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Getting around Istanbul

Public transport

Istanbul has a modern metro system complemented by private and state-owned buses ( Trams run through the city centre to the outlying suburbs.

Light railway services operate to Atatürk airport, the main bus station and Aksaray, and Haydarpasa and Gebze Banliyö. Information on rail, metro and trams is available from Istanbul Ulasim (tel: +90 212 568 9970;

More unusual transport services include funiculars between Kabatas and Taksim; the vintage Nostaljik Tramvay, which clatters along Istiklal Caddesi; the Tünel underground, which opened to service in 1874 and travels the steep hill between Karaköy and Beyoğlu; and the small circular tramway between Kadiköy and Moda.

Passenger ferries connect points along the Golden Horn and Bosphorus. Buy tokens at dockside kiosks. The Istanbul Deniz Otobüsleri (sea bus) (tel: +90 850 222 4436; offers a quicker but more expensive service. Small privately operated ferries also run between Üsküdar and Besiktas.

Dolmus (shared) minibuses operate fixed routes throughout Istanbul and suburbs and can be flagged down anywhere. Pay the driver when boarding.

The Istanbulkart is a contactless smartcard for fare payment on public transport; it's available at more than 2,000 sales outlets throughout Istanbul.


You can hail taxis almost anywhere and at any time in Istanbul. Turks do not normally tip, but drivers often hope for a tip from foreigners. Demand that the meter (taksimetre) is switched on, and by law it must be switched on too. Reliable taxi companies include Çamlica Turizm Telsiz Taksi (tel: +90 216 318 3289).


Istanbul's vast urban sprawl is prone to severe congestion and navigating its streets can be difficult.

Car hire

Major car hire companies are present, including Avis (tel: +90 212 244 9350;, Europcar (tel: +90 212 254 7710; and Hertz (tel: +90 212 465 5999; Drivers must be over 21 years and have held a licence for at least one year.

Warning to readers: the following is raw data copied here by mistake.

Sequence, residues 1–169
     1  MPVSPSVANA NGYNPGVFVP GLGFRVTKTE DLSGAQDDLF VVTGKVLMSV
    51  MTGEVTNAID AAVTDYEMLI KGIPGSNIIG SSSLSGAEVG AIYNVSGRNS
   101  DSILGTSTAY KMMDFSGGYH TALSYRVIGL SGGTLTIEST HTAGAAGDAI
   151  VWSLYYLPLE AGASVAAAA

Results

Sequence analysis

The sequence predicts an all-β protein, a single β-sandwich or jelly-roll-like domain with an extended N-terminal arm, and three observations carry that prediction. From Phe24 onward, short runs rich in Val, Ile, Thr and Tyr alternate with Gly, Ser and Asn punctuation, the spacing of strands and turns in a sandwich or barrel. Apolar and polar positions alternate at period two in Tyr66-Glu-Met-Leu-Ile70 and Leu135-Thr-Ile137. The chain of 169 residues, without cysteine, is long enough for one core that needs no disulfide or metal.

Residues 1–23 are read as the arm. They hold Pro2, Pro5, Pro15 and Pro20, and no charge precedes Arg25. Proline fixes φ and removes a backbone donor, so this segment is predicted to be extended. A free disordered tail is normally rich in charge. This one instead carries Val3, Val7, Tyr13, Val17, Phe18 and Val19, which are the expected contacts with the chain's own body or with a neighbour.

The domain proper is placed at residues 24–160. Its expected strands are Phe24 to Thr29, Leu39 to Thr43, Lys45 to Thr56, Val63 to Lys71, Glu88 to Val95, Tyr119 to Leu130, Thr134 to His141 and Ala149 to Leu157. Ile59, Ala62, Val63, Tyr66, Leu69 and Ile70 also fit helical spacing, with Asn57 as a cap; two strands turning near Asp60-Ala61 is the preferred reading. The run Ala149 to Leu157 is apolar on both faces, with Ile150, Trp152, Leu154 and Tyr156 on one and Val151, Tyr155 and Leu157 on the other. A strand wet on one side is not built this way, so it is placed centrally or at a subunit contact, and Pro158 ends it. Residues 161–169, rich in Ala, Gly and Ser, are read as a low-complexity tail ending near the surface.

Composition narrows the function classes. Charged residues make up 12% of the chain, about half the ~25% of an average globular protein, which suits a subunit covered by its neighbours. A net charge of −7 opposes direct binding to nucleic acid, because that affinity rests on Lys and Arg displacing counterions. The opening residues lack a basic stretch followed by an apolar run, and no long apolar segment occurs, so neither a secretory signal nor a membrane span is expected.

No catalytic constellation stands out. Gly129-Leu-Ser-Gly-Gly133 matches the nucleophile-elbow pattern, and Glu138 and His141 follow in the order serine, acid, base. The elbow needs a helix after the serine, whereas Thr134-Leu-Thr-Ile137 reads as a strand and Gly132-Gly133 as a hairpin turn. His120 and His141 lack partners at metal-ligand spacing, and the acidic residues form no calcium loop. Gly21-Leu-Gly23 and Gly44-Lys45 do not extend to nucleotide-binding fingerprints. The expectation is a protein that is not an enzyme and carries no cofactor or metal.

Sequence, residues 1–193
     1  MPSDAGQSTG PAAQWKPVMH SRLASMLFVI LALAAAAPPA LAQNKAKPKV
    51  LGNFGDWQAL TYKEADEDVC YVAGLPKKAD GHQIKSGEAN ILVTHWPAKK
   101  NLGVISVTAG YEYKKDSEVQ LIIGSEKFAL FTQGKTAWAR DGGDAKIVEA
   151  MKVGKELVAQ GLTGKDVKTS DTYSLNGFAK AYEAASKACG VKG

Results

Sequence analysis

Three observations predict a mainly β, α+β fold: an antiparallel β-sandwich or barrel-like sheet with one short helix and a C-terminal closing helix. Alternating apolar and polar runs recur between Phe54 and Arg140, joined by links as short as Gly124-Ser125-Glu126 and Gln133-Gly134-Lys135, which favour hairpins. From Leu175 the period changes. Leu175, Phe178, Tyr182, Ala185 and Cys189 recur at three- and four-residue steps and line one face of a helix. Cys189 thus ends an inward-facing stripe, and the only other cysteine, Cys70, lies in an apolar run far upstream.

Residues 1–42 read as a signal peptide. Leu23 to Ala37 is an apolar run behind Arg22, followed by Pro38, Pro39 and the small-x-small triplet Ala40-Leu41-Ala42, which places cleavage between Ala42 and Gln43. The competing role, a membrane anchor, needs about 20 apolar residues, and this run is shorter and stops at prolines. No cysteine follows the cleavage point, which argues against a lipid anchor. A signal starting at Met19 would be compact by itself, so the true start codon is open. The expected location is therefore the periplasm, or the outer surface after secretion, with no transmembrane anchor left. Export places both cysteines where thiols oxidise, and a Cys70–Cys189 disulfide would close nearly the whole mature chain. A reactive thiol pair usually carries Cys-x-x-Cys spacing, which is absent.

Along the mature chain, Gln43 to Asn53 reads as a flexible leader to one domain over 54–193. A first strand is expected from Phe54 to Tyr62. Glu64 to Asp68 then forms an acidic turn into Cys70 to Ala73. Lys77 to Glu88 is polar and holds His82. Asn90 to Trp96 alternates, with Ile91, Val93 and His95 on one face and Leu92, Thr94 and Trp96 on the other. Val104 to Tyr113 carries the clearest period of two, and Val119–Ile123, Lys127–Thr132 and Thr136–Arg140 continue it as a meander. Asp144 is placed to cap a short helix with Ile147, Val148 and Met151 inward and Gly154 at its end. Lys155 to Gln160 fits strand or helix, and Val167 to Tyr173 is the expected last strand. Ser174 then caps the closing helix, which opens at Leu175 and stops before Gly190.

Bicycle hire

Istanbul on Bike (tel: +90 553 440 5544; hires bikes and runs cycling tours.

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Featured Hotels


Sarı Konak

This family-run boutique hotel offers an old-world atmosphere trussed up with modern conveniences in an Ottoman-era mansion. The smallish rooms have polished wood floors and are classically styled while the rooftop cafe has views of both the Blue Mosque and the Sea of Marmara.

Ibrahim Pasha Hotel

Sleek design and ultra-friendly service make the Ibrahim Pasha stand out in the crowded Istanbul accommodation market. Little extras such as complimentary fruit in rooms and Molton Brown toiletries in bathrooms add a luxurious feel while staff go out of their way to help guests, creating a home-from-home vibe.

Hotel Empress Zoe

Quirky folk art touches, Central Asian textiles as bedspreads and the odd antique give the Empress Zoe’s rooms plenty of quirky appeal. Set within a row of Ottoman era mansions, with a lush garden and a rooftop terrace with views over Sultanahmet’s Byzantine period walls, this hotel brims with character.

Ottoman Hotel Imperial

A stone's throw from the Aya Sofya, this rather grand 19th century building once served as a hospital and school before being transformed into a hotel. The common areas here are full of elegant Ottoman character and the gardens and terraces provide tranquil respites from the city.

Pera Palace Hotel Jumeirah

Everyone from Agatha Christie to Ernest Hemingway once stayed at this iconic Istanbul hotel, open since 1892. Rooms are a slice of old-world elegance, afternoon tea under the chandeliers in the lounge will transport you back in time, while the pool and spa provide ample 21st century updates.

Four Seasons Hotel Istanbul at Sultanahmet

Understated luxury is the keynote here, and it's hard to believe that this century-old building was once an infamous prison. Each of the 65 rooms is classically designed with Turkish textiles and art adding eye catching details. The rooftop terrace and large, leafy courtyard are relaxing city retreats.